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Brutus. I have been up this hour, awake all night.
Know I these men that come along with you?
But honors you; and every one doth wish
This is Trebonius.
He is welcome hither.
He is welcome too.
[Brutus and Cassius retire to the back of the stage and ta!k in whispers.] Decius. Here lies the east; doth not the day break here? Casca. No. Cinna. 0, pardon, sir, it doth; and yon gray lines
That fret 1 the clouds are messengers of day.
Here, as I point my sword, the sun arises.
[Brutus and Cassius come forward.]
That every Roman bears, and nobly bears,
1 fret: variously interpreted by Shakespearean scholars as fleck, variegate, or mark with interlacing lines like fret-work.
2 high: due, full, perfect.
If he do break
The smallest promise that hath passed from him.
But only Cæsar?
Mark Antony, so well belov'd of Cæsar,
Let Antony and Cæsar fall together.
To cut the head off and then hack the limbs;
When Cæsar's head is off.
Yet I fear him.2 Trebonius. There is no fear of him; let him not die.
A clocks begins to strike] Brutus. Peace! count the clock.
It strikes three.
[Exeunt all but Brutus L.)
I meet: fit.
2 Yet I fear him. Cassius is unconvinced but avoids an argument, as he thinks Brutus' influence necessary to the success of the conspiracy
3 clock. The clock, of course, should not be seen. The Romans had no clocks which struck the time.
Scene 1 The rising of the curtain reveals Cæsar going up the steps that lead to the area before the Roman Capitol. Metellus Cimber is seeking to detain him (and has hold of the bottom of Cæsar's toga). The other conspirators (Brutus, Cassius, Casca, Decius, Trebonius,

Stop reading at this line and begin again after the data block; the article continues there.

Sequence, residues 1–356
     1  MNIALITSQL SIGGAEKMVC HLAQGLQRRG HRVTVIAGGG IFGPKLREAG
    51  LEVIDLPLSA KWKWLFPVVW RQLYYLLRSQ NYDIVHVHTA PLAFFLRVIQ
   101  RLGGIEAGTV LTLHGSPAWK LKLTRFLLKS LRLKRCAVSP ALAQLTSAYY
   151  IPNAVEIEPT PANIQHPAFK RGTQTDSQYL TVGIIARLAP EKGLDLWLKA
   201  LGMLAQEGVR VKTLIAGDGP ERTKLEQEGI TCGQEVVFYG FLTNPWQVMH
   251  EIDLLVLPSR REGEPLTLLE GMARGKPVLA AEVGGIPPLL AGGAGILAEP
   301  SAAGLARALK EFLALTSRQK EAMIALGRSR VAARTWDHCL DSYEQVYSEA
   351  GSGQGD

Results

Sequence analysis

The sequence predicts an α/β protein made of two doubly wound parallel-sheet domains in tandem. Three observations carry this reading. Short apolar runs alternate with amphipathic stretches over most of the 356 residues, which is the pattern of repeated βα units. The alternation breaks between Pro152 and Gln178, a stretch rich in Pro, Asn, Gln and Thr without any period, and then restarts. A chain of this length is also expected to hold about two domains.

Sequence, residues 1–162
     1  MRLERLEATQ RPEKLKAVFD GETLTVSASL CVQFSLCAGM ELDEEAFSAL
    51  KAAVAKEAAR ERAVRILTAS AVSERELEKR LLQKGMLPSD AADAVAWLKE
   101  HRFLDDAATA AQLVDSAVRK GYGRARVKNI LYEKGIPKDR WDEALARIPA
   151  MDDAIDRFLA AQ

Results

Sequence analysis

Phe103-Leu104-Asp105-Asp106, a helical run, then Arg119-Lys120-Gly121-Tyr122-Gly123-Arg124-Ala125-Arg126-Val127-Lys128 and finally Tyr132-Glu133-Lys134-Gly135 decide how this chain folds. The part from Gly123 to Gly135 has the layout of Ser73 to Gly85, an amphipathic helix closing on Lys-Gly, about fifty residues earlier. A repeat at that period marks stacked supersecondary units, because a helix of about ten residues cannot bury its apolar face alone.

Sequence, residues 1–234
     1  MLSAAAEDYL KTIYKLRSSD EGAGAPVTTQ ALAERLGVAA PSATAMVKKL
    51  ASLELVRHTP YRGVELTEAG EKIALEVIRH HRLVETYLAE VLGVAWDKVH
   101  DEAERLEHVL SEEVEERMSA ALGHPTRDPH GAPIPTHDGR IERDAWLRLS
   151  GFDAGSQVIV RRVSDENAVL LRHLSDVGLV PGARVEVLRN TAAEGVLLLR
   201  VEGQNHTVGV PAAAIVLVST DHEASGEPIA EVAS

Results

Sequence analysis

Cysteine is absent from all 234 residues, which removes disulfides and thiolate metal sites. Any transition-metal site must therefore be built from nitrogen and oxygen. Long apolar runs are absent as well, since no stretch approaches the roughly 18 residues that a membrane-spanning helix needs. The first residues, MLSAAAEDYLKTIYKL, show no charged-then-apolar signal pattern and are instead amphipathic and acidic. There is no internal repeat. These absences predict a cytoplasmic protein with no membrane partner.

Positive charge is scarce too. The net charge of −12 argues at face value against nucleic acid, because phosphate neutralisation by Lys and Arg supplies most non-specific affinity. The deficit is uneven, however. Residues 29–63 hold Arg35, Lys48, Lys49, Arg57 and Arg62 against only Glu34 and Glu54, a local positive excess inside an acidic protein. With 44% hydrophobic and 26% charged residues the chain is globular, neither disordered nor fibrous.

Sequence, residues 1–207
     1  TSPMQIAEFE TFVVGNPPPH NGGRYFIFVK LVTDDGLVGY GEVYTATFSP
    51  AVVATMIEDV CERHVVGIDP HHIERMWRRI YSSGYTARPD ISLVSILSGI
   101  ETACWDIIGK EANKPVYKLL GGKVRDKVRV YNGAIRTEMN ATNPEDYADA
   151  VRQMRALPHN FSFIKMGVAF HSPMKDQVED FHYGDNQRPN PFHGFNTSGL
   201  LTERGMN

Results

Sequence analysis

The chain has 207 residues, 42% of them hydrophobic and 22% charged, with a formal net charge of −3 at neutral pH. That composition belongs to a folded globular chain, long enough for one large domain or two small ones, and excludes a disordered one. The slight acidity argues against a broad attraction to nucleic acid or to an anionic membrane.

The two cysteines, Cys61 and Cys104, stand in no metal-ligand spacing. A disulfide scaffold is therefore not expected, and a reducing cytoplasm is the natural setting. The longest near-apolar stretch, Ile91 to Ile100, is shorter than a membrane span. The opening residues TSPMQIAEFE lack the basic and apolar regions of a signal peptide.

and Cinna) are grouped around, joining in Cimber's petition." Cæsar. [To Metellus.] I must prevent thee, Cimber.
Thy brother by decree is banished;
Will he be satisfied.
to one knee.)
Doth not Brutus bootless kneel? Casca. Hands, speak for me!
Casca first stabs Cæsar in the back; then the other conspirators stab, and last Marcus Brutus.3 Cæsar. You too, Brutus! Then fall, Cæsar!
And he dies.
1 Various citizens and senators should also be on the stage if the number of players will permit.
Olympus (ó-lím'půs): the mountain upon which the Greek mythological gods were supposed to live.
3 and last Marcus Brutus. As Cæsar sees this, he pulls his toga over his face and falls.
common pulpits: public platforms in the Forum.
"Liberty, freedom, and enfranchisement!" Brutus. People and senators, be not affrighted;
Fly not; stand still; ambition's debt is paid.
And Cassius too.
[Reënter Cinna.] Cassius. Where is Antony? Cinna. Fled to his house amazed.
Men, wives, and children stare, cry out, and run
As it were doomsday. Brutus.
Now to the market-place, And, waving our red weapons o'er our heads,
Let's all cry, “Peace, freedom, and liberty!” Cassius. How many ages hence
Shall this our lofty scene be acted over
In states unborn and accents yet unknown!
Who now on Pompey's basis lies along 2
No worthier than the dust! Cassius.
So oft as that shall be,
The men that gave their country liberty.
Ay, every man away.
Antony enter 3 (R.).
Are all thy conquests, glories, triumphs, spoils,
1 This speech must, of course, be omitted if the number of players did not admit of having a crowd of citizens and senators on the stage.
2 Who now on Pompey's basis lies along: Who now lies prostrate at the base of Pompey's statue.
3 Antony enters. Antony appears meek and downcast and speaks in a subdued voice.